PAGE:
Martin Luther

  • by Lyndal Roper
  • Narrated by Michael Page
  • 15 hrs and 40 mins
  • Unabridged Audiobook

Publisher's Summary

On October 31, 1517, an unknown monk nailed a theological pamphlet to a church door in a small university town and set in motion a process that helped usher in the modern world. Within a few years Luther's ideas had spread like wildfire. His attempts to reform Christianity by returning it to its biblical roots split the Western Church, divided Europe, and polarized people's beliefs. Yet Luther was a deeply flawed human being: a fervent believer tormented by spiritual doubts, a prolific writer whose translation of the Bible would shape the German language yet whose attacks on his opponents were vicious and foul mouthed. Perhaps surprisingly, the man who helped create the modern world was not modern himself: for him the devil was not a figure of speech but a real, physical presence. Acclaimed historian Lyndal Roper explains how Luther's impact can be understood only against the background of the times. As a brilliant biographer, she gives us the flesh-and-blood figure, reveals the often contradictory psychological forces that drove Luther forward, and the dynamics they unleashed, which turned a small act of protest into a battle against the power of the Church.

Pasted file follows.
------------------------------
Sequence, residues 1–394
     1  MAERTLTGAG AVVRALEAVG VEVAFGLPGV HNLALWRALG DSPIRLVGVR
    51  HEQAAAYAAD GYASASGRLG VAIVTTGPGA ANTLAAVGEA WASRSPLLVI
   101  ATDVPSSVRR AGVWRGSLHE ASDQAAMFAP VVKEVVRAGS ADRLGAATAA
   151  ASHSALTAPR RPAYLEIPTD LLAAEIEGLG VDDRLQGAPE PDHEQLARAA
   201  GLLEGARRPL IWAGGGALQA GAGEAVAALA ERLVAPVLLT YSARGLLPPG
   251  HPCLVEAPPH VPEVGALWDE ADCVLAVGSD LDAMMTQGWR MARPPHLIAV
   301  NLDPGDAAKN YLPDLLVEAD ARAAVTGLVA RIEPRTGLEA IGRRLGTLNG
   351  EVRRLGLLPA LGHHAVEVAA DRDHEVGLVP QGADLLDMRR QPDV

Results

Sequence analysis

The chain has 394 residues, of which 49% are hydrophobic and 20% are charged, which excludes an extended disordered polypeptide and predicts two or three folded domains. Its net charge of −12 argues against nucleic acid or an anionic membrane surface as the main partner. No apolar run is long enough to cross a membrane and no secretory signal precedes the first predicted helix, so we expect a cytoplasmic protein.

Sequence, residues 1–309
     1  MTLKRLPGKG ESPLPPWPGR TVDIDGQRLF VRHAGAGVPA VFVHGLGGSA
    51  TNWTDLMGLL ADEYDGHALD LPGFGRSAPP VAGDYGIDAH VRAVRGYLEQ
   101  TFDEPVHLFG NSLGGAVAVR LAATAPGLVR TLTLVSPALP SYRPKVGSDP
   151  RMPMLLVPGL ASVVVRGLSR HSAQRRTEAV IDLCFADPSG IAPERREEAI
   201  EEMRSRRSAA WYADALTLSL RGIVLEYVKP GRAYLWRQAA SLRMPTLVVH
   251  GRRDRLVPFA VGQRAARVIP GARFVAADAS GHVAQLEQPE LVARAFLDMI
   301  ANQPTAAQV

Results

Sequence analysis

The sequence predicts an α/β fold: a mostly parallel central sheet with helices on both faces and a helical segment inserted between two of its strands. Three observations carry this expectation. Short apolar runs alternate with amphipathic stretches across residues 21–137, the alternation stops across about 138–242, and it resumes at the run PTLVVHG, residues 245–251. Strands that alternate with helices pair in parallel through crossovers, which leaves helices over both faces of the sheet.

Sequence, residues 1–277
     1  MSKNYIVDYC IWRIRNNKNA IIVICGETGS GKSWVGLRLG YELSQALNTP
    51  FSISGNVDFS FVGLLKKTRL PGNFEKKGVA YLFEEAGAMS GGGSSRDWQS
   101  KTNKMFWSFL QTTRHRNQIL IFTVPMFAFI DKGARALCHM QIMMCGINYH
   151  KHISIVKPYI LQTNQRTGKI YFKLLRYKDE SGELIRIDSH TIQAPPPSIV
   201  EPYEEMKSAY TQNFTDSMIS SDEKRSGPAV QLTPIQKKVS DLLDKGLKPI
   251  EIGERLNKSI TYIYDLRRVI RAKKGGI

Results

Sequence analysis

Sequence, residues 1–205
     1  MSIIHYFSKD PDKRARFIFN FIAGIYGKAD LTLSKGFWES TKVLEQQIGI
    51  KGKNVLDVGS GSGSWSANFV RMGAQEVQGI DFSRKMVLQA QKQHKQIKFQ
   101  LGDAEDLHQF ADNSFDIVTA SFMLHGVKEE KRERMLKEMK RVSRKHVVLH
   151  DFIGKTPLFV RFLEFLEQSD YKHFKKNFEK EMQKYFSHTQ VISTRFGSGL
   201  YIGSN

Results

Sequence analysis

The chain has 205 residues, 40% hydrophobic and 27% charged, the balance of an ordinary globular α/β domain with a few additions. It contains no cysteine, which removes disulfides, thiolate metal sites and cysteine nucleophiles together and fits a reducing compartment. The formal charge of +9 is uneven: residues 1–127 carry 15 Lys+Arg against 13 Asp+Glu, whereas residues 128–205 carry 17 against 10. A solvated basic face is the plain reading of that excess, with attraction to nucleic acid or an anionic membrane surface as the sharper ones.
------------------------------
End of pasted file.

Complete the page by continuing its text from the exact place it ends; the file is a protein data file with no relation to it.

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Customer Reviews

Most Helpful

Luther Unvarnished

This biography is an unvarnished gritty earthy portrait of Martin Luther. While the author is sympathetic to the cause of the reformers, especially Luther, it does not appear to have led them to paint a biased portrait. I remain unconvinced that Luther took the right course, but am sympathetic to his critique of the Catholic Church of his time. The historical narrative of Luthers time as a leader in the reformation proves rather clearly that the reformation movement was ultimately incoherent theologically and ecclesiologically.
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- Orthodoxia


I should have taken the clue from the introductory of the author, on their preconceptions and prejudices. While the research done by the author is commendable, it is the application of that research and judgement by modern and sectarian standards that is disturbing. The sacramentarian controversy is a good example. While correctly laying out the positions of Luther and of the Zwinglians, Roper than chides Luther for not bending toward them even though he (rightly) considered the Zwinglians not only just wrong but heretical on this topic. Add to that Mr. Page's narration which was very difficult to listen to. His constant mispronunciation of Melanchthon's name was grinding. I would not recommend this book or performance to anyone.
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- Like Loehe

Book Details

  • Release Date: 03-14-2017
  • Publisher: HighBridge, a Division of Recorded Books